Philip Dunne's Sewage (Inland Waters) Bill had been due to have its second reading on Friday, having been postponed numerous times.
But due to further coronavirus restrictions being brought in affecting the House of Commons programme, it has been deferred for a fifth time.
The second reading will be key to determining if the bill can advance and become law, despite it gaining mass support from more than 100 cross-party MPs and various environmental groups.
The Ludlow MP said his bill, which is the first put forward in his 16 years as MP, may become "lost legislation".
Mr Dunne said: "This Friday my bill to clean up our rivers from sewage pollution was due to have had its second reading debate in the House of Commons.
"This has now been deferred for the fifth time, thanks to Covid restrictions. This was my first opportunity to bring forward legislation of my choice in 16 years as MP. I was determined to pick a topic that would deliver meaningful change, with a real chance of becoming law.
"I have received incredible support from 106 MPs of all parties supporting the bill or its objectives, showing it is not party political – it is purely about righting a clear environmental wrong."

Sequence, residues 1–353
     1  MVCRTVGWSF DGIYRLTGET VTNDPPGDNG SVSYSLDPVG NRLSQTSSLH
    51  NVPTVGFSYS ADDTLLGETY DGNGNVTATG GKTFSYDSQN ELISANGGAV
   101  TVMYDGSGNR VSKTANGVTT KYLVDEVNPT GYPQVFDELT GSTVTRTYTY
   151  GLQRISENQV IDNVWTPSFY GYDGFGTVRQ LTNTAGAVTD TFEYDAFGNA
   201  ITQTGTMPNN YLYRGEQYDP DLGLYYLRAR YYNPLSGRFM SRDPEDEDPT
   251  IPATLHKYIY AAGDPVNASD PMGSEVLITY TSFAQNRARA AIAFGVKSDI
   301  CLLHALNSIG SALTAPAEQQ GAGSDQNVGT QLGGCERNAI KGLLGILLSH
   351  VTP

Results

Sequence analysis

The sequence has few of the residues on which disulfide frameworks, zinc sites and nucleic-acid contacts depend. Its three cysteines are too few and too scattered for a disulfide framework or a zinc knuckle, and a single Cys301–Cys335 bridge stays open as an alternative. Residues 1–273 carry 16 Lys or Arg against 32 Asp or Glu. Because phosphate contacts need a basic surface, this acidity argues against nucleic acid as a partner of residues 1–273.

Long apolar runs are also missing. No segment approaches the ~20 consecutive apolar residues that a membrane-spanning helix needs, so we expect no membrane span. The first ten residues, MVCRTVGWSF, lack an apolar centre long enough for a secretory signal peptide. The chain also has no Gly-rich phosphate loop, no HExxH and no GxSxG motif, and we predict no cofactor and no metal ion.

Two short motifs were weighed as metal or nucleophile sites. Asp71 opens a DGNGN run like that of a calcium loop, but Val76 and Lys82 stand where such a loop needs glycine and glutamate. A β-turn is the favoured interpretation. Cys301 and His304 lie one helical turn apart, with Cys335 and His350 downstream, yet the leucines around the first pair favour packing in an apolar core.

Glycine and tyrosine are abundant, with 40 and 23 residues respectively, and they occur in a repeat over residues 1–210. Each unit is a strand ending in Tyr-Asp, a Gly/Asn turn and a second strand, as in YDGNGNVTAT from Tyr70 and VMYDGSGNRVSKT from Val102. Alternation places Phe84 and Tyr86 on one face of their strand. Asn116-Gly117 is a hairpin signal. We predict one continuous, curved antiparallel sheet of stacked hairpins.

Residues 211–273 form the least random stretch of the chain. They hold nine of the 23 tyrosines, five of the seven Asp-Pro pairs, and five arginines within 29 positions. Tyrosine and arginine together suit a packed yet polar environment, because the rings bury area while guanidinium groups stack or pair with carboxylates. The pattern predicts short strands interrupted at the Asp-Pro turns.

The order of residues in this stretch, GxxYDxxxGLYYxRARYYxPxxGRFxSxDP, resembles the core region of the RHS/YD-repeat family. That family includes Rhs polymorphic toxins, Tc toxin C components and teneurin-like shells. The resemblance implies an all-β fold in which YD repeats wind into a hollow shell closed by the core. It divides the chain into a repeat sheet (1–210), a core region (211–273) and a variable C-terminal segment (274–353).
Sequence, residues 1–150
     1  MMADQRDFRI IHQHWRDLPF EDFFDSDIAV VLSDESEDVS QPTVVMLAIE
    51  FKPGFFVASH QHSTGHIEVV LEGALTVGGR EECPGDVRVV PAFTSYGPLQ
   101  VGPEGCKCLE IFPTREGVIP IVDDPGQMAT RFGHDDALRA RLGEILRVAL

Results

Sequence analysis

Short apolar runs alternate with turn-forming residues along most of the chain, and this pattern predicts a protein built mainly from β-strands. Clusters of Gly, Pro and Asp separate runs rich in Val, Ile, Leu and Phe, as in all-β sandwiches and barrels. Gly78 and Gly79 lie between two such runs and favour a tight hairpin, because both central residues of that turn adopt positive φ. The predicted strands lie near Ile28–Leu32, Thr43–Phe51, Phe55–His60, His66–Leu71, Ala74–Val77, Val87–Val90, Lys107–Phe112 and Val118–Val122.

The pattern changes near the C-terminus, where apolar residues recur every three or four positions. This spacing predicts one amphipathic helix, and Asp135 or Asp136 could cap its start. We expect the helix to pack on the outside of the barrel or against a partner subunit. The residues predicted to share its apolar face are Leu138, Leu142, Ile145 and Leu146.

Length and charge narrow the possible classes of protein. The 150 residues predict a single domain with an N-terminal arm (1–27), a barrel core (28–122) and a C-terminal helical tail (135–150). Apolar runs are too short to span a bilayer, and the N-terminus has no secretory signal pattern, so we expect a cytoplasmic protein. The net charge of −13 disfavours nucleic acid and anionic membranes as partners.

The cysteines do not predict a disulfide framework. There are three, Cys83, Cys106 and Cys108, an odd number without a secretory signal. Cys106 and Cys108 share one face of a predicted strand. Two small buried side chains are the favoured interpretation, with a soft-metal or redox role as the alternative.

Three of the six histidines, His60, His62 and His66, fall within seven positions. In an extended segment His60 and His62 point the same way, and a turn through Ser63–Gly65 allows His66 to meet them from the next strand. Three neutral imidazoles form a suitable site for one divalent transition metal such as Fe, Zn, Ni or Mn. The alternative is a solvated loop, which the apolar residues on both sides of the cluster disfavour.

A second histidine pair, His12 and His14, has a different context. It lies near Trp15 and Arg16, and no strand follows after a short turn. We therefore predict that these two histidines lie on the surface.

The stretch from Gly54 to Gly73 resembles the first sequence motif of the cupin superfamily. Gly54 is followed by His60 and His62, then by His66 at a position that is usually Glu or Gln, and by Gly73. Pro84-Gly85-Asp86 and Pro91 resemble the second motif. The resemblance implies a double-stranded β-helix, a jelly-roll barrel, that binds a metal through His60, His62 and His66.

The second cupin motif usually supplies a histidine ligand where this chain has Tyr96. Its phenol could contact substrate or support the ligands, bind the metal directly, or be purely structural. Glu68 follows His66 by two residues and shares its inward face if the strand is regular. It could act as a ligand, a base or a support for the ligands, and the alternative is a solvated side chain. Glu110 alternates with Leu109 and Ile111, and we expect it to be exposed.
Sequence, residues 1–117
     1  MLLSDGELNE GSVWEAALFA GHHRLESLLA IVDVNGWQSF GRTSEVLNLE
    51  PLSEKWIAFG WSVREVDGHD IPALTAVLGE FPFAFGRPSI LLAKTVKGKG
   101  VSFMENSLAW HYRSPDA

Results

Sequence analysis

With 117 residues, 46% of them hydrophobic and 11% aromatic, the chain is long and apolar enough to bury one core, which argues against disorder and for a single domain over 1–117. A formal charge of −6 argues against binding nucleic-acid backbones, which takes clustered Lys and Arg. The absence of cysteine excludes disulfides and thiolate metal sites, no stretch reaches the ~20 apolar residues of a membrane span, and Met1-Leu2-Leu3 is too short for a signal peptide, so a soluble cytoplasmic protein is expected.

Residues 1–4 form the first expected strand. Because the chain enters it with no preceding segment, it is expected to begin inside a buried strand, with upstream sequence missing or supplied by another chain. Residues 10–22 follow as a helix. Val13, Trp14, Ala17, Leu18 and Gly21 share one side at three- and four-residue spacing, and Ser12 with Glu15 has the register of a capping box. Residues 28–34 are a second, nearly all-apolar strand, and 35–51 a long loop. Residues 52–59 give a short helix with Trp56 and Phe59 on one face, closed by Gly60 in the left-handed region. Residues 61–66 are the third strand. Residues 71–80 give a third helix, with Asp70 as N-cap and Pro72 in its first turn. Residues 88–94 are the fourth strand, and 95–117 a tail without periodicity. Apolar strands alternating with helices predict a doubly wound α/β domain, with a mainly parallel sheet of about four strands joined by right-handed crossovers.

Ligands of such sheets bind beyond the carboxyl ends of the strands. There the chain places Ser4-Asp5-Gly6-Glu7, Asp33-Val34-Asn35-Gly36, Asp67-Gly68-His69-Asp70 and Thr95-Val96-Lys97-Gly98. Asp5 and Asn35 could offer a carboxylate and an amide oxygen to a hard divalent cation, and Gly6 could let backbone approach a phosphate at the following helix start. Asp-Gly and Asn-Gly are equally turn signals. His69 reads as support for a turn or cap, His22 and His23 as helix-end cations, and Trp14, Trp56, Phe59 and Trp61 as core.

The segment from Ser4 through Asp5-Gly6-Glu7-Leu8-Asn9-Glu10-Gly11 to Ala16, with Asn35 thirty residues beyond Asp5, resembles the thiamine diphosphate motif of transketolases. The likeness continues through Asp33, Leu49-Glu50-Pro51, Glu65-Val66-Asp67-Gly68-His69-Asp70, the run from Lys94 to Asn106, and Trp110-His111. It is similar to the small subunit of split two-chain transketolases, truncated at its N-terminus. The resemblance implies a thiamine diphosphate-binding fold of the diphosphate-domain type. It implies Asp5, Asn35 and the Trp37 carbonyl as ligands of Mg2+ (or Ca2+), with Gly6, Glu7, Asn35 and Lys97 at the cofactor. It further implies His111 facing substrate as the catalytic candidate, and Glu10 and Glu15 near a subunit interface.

The Private Members Bill seeks to place a duty on water companies to ensure untreated sewage is not dumped into inland waters.
Mr Dunne added: " I am hopeful that despite there being no debate on this bill, the measures it contains have not just raised the profile of campaigns to end sewage pollution, but still have a real prospect of helping reduce the impact of sewage polluting our rivers.
"The objective of my bill is to start encouraging water companies to take more responsibility – and give them more tools – for preventing sewage entering our waterways.
"But is not just up to water companies alone. Some have led the way in new nature based solutions, like Severn Trent Water piloting integrated constructed wetlands. But we all need to change how we use water and what we flush down our drains.
"It is unfortunate I will not be leading a debate on Friday, but I am optimistic at the prospects of taking the bill’s objectives forward through other routes, with strong public support."